- The thinking behind the ‘3 month rule’ is that it takes around 3 menstrual cycles for your body to adapt to the change in hormone levels caused by contraception
- Research shows that in most cases women’s side effects settle down after 3 months
- Science indicates that the body will get used to the new hormone levels after 3 months – if not, it may be worth speaking to your doctor or nurse and considering whether to change your contraception
- Some symptoms need urgent medical attention such as severe chest or leg pain
- The initial side effects of adjusting to contraception can be dealt with via pain relief and lifestyle changes
Chances are, if you’ve ever started a new form of contraception, you’ll have been warned about potential side effects by the doctor or nurse. Once they’ve reeled off the scary symptoms that warrant a call to the surgery they’re likely to also list some less concerning issues that will likely settle down in the long-term. The time frame that’s nearly always stated? 3 months. With most health practitioners suggesting a check-up appointment after the first 12 weeks, it’s often assumed by this point your body would have adapted to whatever the form of contraception is.
However, is this time frame based on data or an arbitrary number plucked from the air? Much like lots of issues surrounding contraception, the waters are a little murky (thanks gender health gap) but there certainly is some interesting research in this area. Here, we dive into whether waiting 3 months is really the golden rule when deciding whether a contraception is right for you.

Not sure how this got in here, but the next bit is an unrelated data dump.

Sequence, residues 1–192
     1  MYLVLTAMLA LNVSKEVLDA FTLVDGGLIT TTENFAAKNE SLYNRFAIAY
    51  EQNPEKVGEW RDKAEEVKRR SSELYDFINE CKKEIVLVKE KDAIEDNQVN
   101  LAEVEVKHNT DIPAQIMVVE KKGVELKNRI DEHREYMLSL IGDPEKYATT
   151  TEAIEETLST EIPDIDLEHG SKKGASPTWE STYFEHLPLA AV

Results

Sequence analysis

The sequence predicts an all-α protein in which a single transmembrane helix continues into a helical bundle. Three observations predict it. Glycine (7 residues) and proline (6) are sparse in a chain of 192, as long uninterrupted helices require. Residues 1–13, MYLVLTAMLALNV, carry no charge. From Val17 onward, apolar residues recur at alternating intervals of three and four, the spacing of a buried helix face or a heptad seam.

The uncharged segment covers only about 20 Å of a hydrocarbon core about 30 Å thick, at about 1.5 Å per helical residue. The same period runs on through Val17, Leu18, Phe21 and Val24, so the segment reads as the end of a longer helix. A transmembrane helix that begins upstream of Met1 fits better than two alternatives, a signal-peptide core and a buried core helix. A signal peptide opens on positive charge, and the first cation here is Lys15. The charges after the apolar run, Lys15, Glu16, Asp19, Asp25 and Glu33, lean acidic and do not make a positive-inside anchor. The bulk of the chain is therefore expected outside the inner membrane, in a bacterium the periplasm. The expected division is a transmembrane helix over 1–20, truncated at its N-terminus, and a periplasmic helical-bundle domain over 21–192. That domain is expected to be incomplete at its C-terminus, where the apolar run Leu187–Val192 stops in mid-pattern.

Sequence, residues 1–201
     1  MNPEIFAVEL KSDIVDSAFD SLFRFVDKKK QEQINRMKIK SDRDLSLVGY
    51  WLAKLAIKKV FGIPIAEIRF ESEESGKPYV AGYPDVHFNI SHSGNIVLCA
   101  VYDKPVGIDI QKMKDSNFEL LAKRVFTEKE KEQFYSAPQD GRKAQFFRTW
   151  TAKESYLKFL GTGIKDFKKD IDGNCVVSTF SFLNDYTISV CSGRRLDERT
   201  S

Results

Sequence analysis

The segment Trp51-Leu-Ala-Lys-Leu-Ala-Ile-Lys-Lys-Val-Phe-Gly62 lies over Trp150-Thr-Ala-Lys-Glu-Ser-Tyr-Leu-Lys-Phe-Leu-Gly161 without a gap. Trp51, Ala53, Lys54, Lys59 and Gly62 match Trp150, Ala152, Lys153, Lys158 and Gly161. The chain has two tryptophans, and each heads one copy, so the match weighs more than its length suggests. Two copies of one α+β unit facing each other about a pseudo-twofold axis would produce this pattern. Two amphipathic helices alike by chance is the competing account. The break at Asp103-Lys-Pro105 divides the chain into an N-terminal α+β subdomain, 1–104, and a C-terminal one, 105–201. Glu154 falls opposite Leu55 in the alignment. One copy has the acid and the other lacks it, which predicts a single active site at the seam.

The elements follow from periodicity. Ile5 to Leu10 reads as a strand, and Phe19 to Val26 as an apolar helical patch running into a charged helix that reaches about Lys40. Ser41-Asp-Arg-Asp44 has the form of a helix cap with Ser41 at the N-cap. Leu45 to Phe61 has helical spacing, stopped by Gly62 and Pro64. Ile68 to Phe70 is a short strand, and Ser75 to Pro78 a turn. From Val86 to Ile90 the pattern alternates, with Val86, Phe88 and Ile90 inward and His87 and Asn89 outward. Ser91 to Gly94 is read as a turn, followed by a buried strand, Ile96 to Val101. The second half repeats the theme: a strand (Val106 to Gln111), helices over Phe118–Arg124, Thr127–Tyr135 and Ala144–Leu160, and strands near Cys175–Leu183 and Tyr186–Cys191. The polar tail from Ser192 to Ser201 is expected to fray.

Where did the 3 month rule originate from?
When it comes to hormonal contraception, the general consensus is that it takes around 3 menstrual cycles for the body to adjust to the change in hormones. Whether you opt for a Progestogen only form of contraception (the Mini Pill, Hormonal Coil, Injection or Implant) or one that uses Oestrogen and Progestogen (the Combined Pill, Patch or Vaginal Ring), the shift in hormones in your body can cause side effects. Most commonly, these are nausea, headaches, tender breasts, emotional fluctuations and unscheduled bleeding (aka spotting in between monthly bleeds).
What scientific evidence is there to support this?
Research shows that side effects (in particular, bloating, nausea, and breast tenderness) usually subside within the first 3 months1. One study looking specifically at spotting for women on the hormonal contraceptive pill – the inconvenient bleeding throughout your cycle – cue extra laundry – found that it was much more present in the first 3 months.
Between 30% and 60% of women reported bleeding between monthly bleeds during the first 3 months but this decreased to 10-30% after the 3 month mark had passed2. In another study of 196 women, 24% reported breakthrough vaginal spotting during the first 3 months but this rate decreased to 4% during the last 3 months of use3.
There is similar evidence when it comes to the hormonal implant. Research looking at Implanon (one brand on the market) found that half of users experienced infrequent bleeding during the first three months but this decreased to 30% by the sixth month4.
It’s not just hormone-based contraception that can take some getting used to, the Copper Coil (known to doctors as an Intrauterine Device or IUD) can also cause initial issues. The Copper Coil works by releasing copper into the womb instead of a hormone like Progestogen used in the hormonal coil (known as the Intrauterine System or IUS). Research suggests that 70% of women using the copper coil will experience spotting and heavier bleeds during the first six months of having the coil inserted5.